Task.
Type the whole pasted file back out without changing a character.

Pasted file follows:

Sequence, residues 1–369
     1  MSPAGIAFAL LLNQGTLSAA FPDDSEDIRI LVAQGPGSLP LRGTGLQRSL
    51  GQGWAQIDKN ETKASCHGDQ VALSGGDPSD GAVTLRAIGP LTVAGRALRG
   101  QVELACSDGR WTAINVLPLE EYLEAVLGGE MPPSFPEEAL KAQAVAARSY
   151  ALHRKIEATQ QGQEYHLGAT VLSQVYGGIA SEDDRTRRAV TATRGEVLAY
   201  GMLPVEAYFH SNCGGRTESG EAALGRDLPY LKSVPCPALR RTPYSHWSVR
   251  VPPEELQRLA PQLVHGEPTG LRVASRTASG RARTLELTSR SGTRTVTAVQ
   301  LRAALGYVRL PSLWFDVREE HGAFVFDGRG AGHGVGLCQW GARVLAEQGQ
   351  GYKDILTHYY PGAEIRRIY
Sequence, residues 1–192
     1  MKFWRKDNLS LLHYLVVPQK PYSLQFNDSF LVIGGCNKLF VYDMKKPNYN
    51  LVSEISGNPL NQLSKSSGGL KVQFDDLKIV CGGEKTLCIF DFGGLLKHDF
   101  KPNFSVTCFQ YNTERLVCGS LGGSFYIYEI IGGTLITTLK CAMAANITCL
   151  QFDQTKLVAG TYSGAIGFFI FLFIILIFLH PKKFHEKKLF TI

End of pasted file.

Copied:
Sequence, residues 1–369
     1  MSPAGIAFAL LLNQGTLSAA FPDDSEDIRI LVAQGPGSLP LRGTGLQRSL
    51  GQGWAQIDKN ETKASCHGDQ VALSGGDPSD GAVTLRAIGP LTVAGRALRG
   101  QVELACSDGR WTAINVLPLE EYLEAVLGGE MPPSFPEEAL KAQAVAARSY
   151  ALHRKIEATQ QGQEYHLGAT VLSQVYGGIA SEDDRTRRAV TATRGEVLAY
   201  GMLPVEAYFH SNCGGRTESG EAALGRDLPY LKSVPCPALR RTPYSHWSVR
   251  VPPEELQRLA PQLVHGEPTG LRVASRTASG RARTLELTSR SGTRTVTAVQ
   301  LRAALGYVRL PSLWFDVREE HGAFVFDGRG AGHGVGLCQW GARVLAEQGQ
   351  GYKDILTHYY PGAEIRRIY
Sequence, residues 1–192
     1  MKFWRKDNLS LLHYLVVPQK PYSLQFNDSF LVIGGCNKLF VYDMKKPNYN
    51  LVSEISGNPL NQLSKSSGGL KVQFDDLKIV CGGEKTLCIF DFGGLLKHDF
   101  KPNFSVTCFQ YNTERLVCGS LGGSFYIYEI IGGTLITTLK CAMAANITCL
   151  QFDQTKLVAG TYSGAIGFFI FLFIILIFLH PKKFHEKKLF TI